Late at night on July 28, 2014, 16-year-old Farah Baker should have been asleep. Instead, the Gaza resident was cowering in fear as flares exploded around her, while sharing her terror in a flurry of tweets. “Flares in the sky all the time,” she tweeted, along with a photo showing a streak of light.
“I AM CRYING AND CAN’T STAND BOMBS SOUND! I’M ABOUT TO LOSE SENSE OF HEARING!” went another.
Later, she tweeted, “I can’t stop crying. I might die tonight.” That missive got over 15,000 retweets, some from journalists around the world.
Thanks to her prolific Twitter feed, Baker became an “influencer,” as her experience of the Israeli bombing of Gaza spread, enticing the media with her story and gaining followers to the Palestinian cause.
As British journalist David Patrikarakos shares in his new book, “War in 140 Characters: How Social Media is Reshaping Conflict in the Twenty-First Century,” (Basic Books), out now, platforms like Facebook and Twitter have transformed the nature of propaganda and even war itself.
When a nation fights an opposition group, such as Israel vs. Hamas or the US vs. ISIS, the battle is fought on two fronts — on the ground and on social media.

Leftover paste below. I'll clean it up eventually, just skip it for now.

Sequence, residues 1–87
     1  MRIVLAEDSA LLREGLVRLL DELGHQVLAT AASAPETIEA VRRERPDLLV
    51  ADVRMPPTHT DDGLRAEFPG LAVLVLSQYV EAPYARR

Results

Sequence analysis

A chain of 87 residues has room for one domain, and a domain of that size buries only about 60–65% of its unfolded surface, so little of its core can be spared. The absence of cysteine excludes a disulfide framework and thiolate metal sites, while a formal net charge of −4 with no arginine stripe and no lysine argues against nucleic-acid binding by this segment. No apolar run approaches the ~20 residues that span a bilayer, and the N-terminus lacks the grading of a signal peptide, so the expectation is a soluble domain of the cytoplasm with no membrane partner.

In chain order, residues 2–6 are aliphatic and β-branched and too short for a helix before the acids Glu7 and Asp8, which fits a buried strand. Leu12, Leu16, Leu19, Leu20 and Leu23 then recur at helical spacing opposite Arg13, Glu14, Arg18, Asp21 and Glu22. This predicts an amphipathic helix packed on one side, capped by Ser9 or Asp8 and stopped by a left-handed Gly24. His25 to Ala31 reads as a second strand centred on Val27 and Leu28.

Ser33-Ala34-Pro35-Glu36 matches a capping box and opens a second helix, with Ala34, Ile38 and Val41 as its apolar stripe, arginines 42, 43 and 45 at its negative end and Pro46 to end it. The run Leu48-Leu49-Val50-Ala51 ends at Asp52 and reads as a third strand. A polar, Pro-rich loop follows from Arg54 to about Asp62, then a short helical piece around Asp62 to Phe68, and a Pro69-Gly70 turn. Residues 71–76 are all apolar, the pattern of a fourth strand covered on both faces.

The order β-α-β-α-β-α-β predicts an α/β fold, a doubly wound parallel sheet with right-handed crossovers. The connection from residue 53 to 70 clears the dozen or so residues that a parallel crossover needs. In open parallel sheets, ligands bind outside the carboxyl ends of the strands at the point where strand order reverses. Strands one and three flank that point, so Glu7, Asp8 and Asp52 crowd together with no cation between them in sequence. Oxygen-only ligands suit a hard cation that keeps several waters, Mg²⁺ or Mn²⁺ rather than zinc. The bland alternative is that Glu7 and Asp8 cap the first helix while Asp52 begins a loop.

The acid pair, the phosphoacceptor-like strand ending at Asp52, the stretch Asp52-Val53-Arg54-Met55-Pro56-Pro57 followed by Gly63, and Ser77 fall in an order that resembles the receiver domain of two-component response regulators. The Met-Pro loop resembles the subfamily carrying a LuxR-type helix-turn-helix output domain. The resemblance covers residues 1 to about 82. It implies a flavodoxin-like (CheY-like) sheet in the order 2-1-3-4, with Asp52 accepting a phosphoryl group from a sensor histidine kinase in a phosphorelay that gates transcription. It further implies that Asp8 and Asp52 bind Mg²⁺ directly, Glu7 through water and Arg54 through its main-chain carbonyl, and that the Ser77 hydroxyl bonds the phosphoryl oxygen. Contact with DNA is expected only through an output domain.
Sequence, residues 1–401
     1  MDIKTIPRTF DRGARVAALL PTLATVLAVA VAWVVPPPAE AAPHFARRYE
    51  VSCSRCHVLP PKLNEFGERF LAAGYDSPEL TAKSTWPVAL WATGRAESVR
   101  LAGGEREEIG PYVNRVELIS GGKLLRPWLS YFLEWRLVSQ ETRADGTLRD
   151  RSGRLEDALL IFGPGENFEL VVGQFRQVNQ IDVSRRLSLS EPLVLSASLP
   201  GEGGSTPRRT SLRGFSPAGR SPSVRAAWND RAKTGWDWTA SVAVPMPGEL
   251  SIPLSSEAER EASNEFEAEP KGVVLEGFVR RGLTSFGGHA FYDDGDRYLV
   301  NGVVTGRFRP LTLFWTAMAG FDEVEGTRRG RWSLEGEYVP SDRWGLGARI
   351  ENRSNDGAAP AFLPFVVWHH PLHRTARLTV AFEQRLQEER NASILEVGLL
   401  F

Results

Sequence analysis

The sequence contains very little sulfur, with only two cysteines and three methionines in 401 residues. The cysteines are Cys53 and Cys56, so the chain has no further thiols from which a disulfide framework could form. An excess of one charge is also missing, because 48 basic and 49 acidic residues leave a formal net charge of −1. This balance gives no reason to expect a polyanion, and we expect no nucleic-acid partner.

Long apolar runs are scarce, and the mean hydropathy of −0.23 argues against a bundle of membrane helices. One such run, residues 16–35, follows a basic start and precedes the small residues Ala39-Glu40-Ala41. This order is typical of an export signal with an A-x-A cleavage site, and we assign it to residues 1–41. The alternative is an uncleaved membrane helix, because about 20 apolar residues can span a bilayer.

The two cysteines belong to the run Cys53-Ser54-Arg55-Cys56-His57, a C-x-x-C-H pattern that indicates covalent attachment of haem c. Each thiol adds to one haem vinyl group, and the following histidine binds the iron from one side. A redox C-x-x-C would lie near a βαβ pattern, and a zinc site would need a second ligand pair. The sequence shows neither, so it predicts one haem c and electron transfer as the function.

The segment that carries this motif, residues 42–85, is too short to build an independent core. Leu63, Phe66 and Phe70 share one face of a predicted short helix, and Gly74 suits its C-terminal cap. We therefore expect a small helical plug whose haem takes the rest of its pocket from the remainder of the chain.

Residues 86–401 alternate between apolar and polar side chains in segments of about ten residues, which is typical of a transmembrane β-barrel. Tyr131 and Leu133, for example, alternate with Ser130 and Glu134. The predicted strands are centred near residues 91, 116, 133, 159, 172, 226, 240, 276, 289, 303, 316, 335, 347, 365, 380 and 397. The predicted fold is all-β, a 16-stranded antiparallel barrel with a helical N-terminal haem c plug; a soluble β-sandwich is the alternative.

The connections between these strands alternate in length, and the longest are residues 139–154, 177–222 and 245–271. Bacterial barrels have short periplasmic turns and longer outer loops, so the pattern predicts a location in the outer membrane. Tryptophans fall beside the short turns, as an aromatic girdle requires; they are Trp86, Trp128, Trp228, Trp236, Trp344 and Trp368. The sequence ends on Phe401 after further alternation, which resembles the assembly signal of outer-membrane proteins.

While countries have superior firepower, the underdog status of the opposition groups gives them an advantage in gaining sympathy online, which in turn leads to more global support and even more soldiers and firepower in real life. Given social media’s reach, winning the information war may be even more important then winning the physical one.
“Information operations once supported battlefield operations on the ground. Now, increasingly, battlefield operations support the information operations on TV and in cyberspace,” Patrikarakos tells The Post.
The following three battles from his book examine the phenomenon, showing how social media has changed the nature of 21st century war.